Five talking points from Scotland vs Wallabies

Charlie Lawry Roar Guru

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    The Wallabies were dismantled by Scotland 53-24 at Murrayfield overnight. It was a frantic game that saw the Aussies handicap themselves yet again through ill-discipline. It wasn’t pretty. So, where did it all go wrong?

    1. Sekope sees red, Kurtley yellow
    Australia’s discipline hit a new low this week. As half-time approached, Sekope Kepu went flying into the breakdown. Rather than making a genuine attempt to clean out, he launched his shoulder into the head of a Scottish defender who wasn’t even making a play at the ball. A deserved red card which left the Wallabies with a mountain to climb, having to play more than half the game a man down.

    The tragedy is that it came just as the Aussies were gaining momentum. They’d scored two quick tries, and even the breakdown in question came from a strong Sean McMahon bust. It killed off any hope of a Wallaby win and will have infuriated both captain and coach.

    A late Kurtley Beale foul had no bearing on the result, other than to ice Scotland’s performance with one final try. It also showed, for the second week running, Beale’s willingness (and inability) to plead his innocence in the face of even the most blatant evidence.

    By deliberately bundling the ball out of play, all he did was earn himself a one-minute head-start on Cheika’s inevitable post-match spray.

    Sekope Kepu

    (Photo by Dan Mullan/Getty Images)

    2. Scotland got off to a flyer
    The home side didn’t wait for a numerical advantage to launch their attack, however. They leapt to a 10-0 lead through enterprising play across the park. The early warning shot came via a rampant rolling maul which gained 35 easy metres before the backs sliced through in midfield, only to knock on with a try begging.

    Scotland looked to outflank Australia at every opportunity, knowing full well that their wingers rush up and in. It looked like Scotland had done their homework and were working to a clear plan. In contrast, the Wallabies were ragged, with very little in the way of a Plan B, and slow to react to errors.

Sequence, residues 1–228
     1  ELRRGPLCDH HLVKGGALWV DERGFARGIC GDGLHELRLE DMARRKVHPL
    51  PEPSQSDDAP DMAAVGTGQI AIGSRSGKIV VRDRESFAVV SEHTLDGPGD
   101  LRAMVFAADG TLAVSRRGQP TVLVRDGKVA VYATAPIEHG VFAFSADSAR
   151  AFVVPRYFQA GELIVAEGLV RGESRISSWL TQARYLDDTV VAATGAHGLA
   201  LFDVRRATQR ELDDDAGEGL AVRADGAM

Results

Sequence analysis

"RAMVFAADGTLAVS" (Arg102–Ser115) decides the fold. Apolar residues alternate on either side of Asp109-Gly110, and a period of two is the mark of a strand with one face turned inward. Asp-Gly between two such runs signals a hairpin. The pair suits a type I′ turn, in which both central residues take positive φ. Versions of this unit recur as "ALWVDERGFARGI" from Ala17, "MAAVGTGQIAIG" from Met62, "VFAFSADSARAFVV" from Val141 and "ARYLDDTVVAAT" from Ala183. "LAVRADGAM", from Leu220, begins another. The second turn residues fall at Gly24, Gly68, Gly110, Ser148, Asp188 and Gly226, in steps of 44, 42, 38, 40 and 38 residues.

The chief destroyer for the Scots was winger Byron McGuigan who bumped off tacklers at will and finished with two tries. McGuigan was due to start on the bench, only getting called up due to a late injury to Stuart Hogg. He took his opportunity brilliantly.

    3. Say no Moore (mon amour)
    It’s perhaps a little harsh to call out Stephen Moore in his final game, but it was a sorry old showing from the departing hooker. I mentioned in the match preview that Cheika appeared to bow to sentimentality with his selection over the in-form Tatafu Polota-Nau. And so it proved.

    Moore was off the pace from the outset and shaky at lineout time ‒ normally his bread and butter. He was sluggish in possession and capped it off by playing speed bump for Jamie Bhatti in the second-half, a break which set up a try. Not the way any player wants to go out.

    Thanks for the memories, Steve. But we’ll try to repress this latest one.

    Stephen Moore

    (Photo by Dan Mullan/Getty Images)

    4. Foley-Kuridrani combo a rare bright spot
    When the Wallabies did get a roll on in the first-half, it was the combination of Bernard Foley and Tevita Kuridrani that most impressed.

    Scotland’s rush defence was disrupting play and the likes of Samu Kerevi and McMahon used as battering rams to make inroads. In order to turn possession into points, Foley first grubbered through close to the line for Kuridrani to dive over.

    The big highlight came a few minutes later when Foley scooted down the touchline, kicked through for himself and, as he was being caught, had the awareness to swivel around and pop a pass to Kuridrani for his second simple finish.

    Things were looking up at that stage. The Wallabies had their noses in front 10-12.

    5. Kicking woes need clarity (along with everything else)
    Throughout the year, we’ve seen kicking duties seesaw between Bernard Foley and Reece Hodge.

    Foley’s boot has been on the fritz for a while now, unreliable when conversions and penalty goals are at a premium. Hodge, meanwhile, has been relegated to long-range efforts and occasional touch-finders.

    There’s definitely an argument to hand both goalkicking and clearance kicks to Hodge full-time. Chopping and changing goalkickers during the match clearly isn’t working. Likewise, Foley’s pop gun clearances are surely not the most effective route out of the 22.

    Are these decisions a symptom of a broader lack of direction? The Wallabies have certainly gone full circle this year from bad, to promising, to actually pretty good, and back to woeful. It’s a startling regression in terms of basic skills, decision-making and execution.

    Cheika has shown he’s a decent motivator and man-manager, but the broader structure and cohesion of the team is in dire need of an overhaul. It’s almost like he cares too much sometimes to make clear, clinical decisions. Either that or the players haven’t listened. If it’s the latter, we’re in real trouble.

    At least it’s all over now. Rest up, fellas. Time to put the cricket on.